Growing up in the United States, Mexican food was one of the few international cuisines I remember experiencing as a kid. Tacos, quesadillas, nachos, burritos. American culture may have put their own spin on these foods, but their origins always remained clear.
My Ancient Civilizations trip allowed me the chance to indulge in authentic, unadulterated Mexican cuisine for the first time. I came away confident in saying Mexico has the best food in Latin America. Peruvian food has now been bumped to second place in my mind, and anything else remains a distant third.
What follows is a selection of food photos from my favorite meals between Mexico City and Playa del Carmen. The restaurants were a mix of recommendations from Gaby, our CEO, and TripAdvisor, as well as a few I stumbled across exploring on my own.
Restaurant: La Posada del Jaguar, Av Periferico 208, San Martín de las Pirámides 55850
My Dish: Molcajetes Azteca
Cost: $21 (USD)
This is the dish your doctor warned you about. Various meats, including beef, pork, and chicken are piled high in a hot volcanic stone bowl, and served with melted cheese, and a few slices of fruit for color. Transfer said meats into your tortilla, pour on some spicy salsa, roll up, and enjoy.
We ate at La Posada del Jaguar as part of our guided trip to the pyramids of Teotihuacan outside Mexico City. The cost of lunch was not in the tour.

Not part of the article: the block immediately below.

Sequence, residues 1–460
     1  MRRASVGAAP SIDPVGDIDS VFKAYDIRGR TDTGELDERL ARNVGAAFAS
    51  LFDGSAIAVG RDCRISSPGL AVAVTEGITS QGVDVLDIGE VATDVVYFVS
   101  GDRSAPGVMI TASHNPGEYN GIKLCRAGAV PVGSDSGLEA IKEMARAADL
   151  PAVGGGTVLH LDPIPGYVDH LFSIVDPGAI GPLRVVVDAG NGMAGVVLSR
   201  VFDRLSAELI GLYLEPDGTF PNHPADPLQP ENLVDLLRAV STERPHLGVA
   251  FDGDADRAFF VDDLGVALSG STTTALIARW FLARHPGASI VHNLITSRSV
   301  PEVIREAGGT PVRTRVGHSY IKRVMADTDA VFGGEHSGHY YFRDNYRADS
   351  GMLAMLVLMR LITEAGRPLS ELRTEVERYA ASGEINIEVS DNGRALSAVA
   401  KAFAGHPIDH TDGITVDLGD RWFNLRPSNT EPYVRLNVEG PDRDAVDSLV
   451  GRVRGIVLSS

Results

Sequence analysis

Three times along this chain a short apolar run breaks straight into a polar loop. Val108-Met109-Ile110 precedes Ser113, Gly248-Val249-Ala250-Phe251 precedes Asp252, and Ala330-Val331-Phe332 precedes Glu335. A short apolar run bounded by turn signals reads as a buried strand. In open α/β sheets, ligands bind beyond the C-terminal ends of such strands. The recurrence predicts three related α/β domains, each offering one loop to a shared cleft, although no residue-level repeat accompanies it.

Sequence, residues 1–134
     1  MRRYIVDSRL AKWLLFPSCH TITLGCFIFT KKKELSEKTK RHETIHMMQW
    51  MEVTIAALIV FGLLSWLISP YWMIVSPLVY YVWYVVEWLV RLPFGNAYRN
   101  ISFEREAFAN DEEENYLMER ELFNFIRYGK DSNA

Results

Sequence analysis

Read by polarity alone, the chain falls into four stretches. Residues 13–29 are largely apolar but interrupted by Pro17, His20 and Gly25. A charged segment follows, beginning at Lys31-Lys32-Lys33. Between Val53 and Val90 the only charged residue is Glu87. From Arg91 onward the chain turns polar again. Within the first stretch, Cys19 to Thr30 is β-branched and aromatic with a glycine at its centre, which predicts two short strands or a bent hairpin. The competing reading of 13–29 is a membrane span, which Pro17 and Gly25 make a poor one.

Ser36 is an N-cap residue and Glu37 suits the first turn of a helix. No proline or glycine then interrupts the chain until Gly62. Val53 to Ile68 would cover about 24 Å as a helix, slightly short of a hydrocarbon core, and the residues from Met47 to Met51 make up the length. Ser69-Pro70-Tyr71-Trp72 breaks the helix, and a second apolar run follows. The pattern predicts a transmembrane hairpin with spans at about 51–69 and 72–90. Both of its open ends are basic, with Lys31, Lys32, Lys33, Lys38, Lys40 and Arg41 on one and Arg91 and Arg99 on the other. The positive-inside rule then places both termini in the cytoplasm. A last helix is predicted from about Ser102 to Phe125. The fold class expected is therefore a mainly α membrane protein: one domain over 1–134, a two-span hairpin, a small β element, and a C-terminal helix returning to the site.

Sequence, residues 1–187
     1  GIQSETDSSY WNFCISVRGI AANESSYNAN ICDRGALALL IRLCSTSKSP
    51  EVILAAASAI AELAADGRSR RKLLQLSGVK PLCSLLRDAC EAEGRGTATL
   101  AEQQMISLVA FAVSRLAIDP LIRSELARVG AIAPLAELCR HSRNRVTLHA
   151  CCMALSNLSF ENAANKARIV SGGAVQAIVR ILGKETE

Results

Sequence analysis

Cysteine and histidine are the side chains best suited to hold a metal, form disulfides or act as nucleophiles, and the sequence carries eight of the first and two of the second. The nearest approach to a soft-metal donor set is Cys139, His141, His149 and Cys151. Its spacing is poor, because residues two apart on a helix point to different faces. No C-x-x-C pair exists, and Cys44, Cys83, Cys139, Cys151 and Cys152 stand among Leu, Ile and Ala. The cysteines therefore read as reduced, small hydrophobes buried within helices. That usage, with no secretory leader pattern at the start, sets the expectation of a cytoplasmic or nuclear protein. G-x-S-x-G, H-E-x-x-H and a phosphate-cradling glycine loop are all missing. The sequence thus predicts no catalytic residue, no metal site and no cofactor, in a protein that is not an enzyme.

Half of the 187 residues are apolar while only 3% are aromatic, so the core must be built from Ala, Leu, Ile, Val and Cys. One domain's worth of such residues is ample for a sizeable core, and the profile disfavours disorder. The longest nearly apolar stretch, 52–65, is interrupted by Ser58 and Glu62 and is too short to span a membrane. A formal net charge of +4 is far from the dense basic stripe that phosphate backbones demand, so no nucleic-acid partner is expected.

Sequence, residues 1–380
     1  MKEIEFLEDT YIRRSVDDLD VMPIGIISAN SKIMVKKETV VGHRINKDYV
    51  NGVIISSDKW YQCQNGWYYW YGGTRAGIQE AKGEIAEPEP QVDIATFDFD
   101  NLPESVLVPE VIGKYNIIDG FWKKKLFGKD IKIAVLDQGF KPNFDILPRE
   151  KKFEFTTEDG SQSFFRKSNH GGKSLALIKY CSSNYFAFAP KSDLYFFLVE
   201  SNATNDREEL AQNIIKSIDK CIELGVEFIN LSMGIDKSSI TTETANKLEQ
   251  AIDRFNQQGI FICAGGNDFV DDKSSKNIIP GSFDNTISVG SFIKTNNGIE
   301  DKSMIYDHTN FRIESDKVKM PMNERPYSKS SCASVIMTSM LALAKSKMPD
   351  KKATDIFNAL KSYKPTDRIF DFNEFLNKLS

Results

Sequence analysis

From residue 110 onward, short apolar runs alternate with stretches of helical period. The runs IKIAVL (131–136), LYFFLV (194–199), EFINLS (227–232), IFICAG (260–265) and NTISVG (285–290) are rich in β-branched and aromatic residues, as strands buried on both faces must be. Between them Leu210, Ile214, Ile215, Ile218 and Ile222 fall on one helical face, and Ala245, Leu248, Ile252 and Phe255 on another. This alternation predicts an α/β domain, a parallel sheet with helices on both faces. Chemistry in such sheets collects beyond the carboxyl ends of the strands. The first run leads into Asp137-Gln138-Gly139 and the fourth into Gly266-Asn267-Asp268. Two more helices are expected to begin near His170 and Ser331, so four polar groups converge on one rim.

Restaurant: El Rincon Tapatio, Independencia No. 68, local No. 4, Col Centro, Mexico City
My Dish: Chicken tacos with Oaxacan cheese
Before leaving Mexico City to begin our overland journey to Playa del Carmen, we ate at a local taco joint recommended by Gaby. She’d already shown Alex, a CEO-in-training, the spot, and they’d eaten there several times in the days leading up to our tour.
This was far from a tourist restaurant, and we were certainly noticed by the Mexican clientele dining in there.
The tacos were small, greasy, cheap and delicious. The option to get Oaxacan cheese on your tacos for an extra dollar or so was a no-brainer. Devouring them with fresh guacamole and a little fresh squeezed lime juice wet my appetite for our stop in Oaxaca a few days later.
Restaurant: Restaurante Catedral, García Vigil 105, Centro Historico, Oaxaca
My Dish: Chicken in Black Mole, with white rice, refried beans, and slices of fried bananas
Mole, that rich sauce artfully combining melted chocolate and spices, smothered my chicken breast. The presentation may strike first timers as a bit odd, but all it takes is a bite to become hooked.
Restaurant: Casa Oaxaca Restaurante, Constitucion 104-4, Centro Historico, Oaxaca
My Dish: Green mole with suckling pig, served with organic vegetables
Moles come in a variety of colors and flavors, so when I saw a green mole with suckling pig on the menu at Casa Oaxaca, I couldn’t resist.
One of the more expensive restaurants in the city, I was certainly splurging on lunch this day, but it was worth it for the table side-prepared salsa, and of course, the succulent pork.